By Brandon Breen, on Oct. 5, 2012 A high school environmental science class from St. Mary’s School visited the Klamath Bird Observatory banding station at Willow Wind to learn about bird banding, bird watching, and how studying birds gives us information about the health of our environment. See the Medford Mail Tribune article, or see just the text of the article.
Fall 2014 issue of Klamath Bird Observatory’s quarterly newsletter, The Klamath Bird. Source: Steinberg, S.L., Dunk, J.R., & Comet, T.A. 2000. In Hoopa Territory. Published by Hoopa Valley Tribe.
This article appears in the Summer 2012 Newsletter. Sources: Marshall, David B. et al, eds. Birds of Oregon: A General Reference. Corvallis: Oregon State University Press, 2003.; Lowther, Peter E. 2000. Pacific-slope Flycatcher (Empidonax difficilis), The Birds of North America Online (A. Poole, Ed.). Cornell Lab of Ornithology, Ithaca, NY.; Partners in Flight North American Landbird Conservation Plan. Cornell Lab of Ornithology, Ithaca, New York.
County officials are in search of new funding after the federal budget cuts caused NOAA-fisheries to pull its $275,000 grant. This money was allocated to the final two years of a five year study to monitor the effects on the Rogue River after the 2010 Gold Ray Dam removal. Oregon Watershed Enhancement Board has granted the county $135,385 which will go to aspects of the study where county officials believe there is the most to learn. One of the financial changes affects the Klamath Bird Observatory’s long-term monitoring efforts of the upstream riparian habitat and its bird populations. Jaime Stephens, KBO’s research and monitoring director believes continuing that aspect of the study for several future years would add valuable information about the impact of the dam removal upstream as well as to the riparian restoration work. KBO will seek funding to continue its long-term monitoring efforts. To read this full article in the Mail Tribune click here.
Read more about the natural history around CRBO, its accomplishments and partnerships by clicking here.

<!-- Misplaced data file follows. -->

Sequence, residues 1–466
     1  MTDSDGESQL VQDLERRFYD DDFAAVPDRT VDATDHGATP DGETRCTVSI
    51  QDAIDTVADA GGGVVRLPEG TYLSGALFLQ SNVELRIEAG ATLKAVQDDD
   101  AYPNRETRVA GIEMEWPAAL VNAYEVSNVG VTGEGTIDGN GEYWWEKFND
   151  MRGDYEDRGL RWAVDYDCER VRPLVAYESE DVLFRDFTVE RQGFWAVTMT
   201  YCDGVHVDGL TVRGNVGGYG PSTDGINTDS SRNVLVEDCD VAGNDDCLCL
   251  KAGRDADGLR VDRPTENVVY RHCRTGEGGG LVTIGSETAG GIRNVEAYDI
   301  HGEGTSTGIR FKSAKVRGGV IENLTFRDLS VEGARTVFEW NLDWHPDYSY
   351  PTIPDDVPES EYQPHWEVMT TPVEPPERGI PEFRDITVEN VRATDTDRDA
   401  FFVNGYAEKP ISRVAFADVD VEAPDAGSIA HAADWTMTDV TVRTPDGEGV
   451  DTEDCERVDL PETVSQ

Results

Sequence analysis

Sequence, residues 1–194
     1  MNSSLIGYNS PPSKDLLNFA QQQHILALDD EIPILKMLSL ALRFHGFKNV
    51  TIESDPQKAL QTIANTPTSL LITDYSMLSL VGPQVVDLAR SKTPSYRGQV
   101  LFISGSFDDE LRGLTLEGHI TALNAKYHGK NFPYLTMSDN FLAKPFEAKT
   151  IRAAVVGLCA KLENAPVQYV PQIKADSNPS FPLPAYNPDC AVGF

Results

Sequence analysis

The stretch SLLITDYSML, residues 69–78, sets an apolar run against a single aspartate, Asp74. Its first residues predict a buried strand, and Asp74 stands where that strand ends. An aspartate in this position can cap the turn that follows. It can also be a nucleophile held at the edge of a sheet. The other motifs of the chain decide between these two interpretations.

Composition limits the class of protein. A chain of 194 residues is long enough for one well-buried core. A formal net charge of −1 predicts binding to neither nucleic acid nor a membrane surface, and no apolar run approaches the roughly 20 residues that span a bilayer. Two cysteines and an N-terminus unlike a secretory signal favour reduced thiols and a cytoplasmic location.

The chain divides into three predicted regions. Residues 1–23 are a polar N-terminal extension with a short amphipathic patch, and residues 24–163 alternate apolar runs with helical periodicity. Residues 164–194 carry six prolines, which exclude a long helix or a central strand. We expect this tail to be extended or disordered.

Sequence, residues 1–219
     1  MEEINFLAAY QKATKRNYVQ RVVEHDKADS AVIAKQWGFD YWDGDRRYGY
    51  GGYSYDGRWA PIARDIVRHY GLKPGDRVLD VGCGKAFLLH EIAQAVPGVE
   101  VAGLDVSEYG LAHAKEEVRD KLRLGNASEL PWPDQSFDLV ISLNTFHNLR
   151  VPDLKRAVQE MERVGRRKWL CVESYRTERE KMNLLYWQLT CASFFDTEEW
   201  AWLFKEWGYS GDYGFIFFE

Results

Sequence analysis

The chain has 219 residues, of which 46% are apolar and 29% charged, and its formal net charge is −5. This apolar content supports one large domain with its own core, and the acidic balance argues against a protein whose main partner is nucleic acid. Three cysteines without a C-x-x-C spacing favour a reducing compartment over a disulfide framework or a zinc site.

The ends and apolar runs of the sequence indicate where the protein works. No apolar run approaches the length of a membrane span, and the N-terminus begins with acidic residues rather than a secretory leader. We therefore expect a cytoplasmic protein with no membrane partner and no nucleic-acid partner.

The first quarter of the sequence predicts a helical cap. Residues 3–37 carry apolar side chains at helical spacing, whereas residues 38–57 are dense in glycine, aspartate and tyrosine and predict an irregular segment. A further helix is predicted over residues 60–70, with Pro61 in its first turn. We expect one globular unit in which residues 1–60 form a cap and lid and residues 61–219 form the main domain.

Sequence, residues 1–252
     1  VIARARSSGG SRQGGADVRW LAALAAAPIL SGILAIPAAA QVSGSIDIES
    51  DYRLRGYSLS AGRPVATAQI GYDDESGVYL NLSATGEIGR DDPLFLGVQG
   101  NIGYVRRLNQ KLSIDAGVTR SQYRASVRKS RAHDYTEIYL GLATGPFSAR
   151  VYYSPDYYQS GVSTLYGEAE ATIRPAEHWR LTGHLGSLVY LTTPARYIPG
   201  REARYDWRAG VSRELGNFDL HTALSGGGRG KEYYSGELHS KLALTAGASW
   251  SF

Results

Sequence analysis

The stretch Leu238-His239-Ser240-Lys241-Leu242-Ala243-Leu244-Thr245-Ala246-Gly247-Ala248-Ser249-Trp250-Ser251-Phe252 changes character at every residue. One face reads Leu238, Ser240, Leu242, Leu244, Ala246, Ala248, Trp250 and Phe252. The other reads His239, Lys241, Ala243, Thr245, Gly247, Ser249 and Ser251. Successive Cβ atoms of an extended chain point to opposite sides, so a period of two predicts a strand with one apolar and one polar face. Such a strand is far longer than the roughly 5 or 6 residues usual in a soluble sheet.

During the breeding season, the Hermit Warbler (Dendroica occidentalis) can be found in coniferous forests along the west coast of Oregon, Washington, and California, in the Cascade mountains of western Oregon and Washington, and in California’s Sierra Nevada mountains. This species winters in montane pine, pine-oak, and cloud forests of Mexico and Central America through Nicaragua. A small, insectivorous warbler, it has a yellow head, white underparts, and gray upperparts. Males have black throats, while females’ throats are grayish, with some black. The species is known to hybridize with Townsend’s Warblers, resulting in birds with plumage characteristics of both species. The Hermit Warbler is a habitat specialist. During breeding it is most often found in the interior of cool, moist, mature coniferous forests, from sea level into the mountains. It is most abundant in stands over 30 years old, and is not generally found in stands under 20 years old, or in stands that have been extensively thinned. As the Hermit Warbler usually resides high in the canopy, it is more often heard than seen. The male’s variable song is multi-part, consisting of 3 or 4 buzzy notes—“zeegle zeegle zeegle”—; followed by a rising-and-falling ending phrase—“zee-o-seet.” The Hermit Warbler is a State of the Birds western forest obligate species, meaning that it is dependent on coniferous forest habitats. It is also a Partners in Flight Watchlist Species. Partners in Flight’s Conservation Strategy for Landbirds in Coniferous Forests of Oregon and Washington identifies the Hermit Warbler as a focal species for mature, multi-layered, closed canopy forests. Through improving habitat conditions for Hermit Warbler, it is thought that other species that depend on older coniferous forest habitats will also benefit. There is concern that the Hermit Warbler may be declining due to extensive loss of mature forest habitats. The 2011 State of the Birds report indicates that National Forests support 51% of Hermit Warblers breeding in the United States. This high level of stewardship responsibility provides the U.S. Forest Service with a unique opportunity to reverse potential declines in Hermit Warblers through appropriate forest management that will, in turn, improve habitat conditions for a variety of western forest obligate species. Protecting and restoring the Hermit Warblers’ habitat throughout its breeding range will require collaborations among non-governmental organizations like KBO, the Forest Service, and other public and private forest mangers in Oregon, Washington, and California. Broader collaborations among international partners will also be necessary to ensure connectivity between Hermit Warblers’ breeding, migratory, and wintering habitats. This article appears in KBO’s Fall 2011 Newsletter.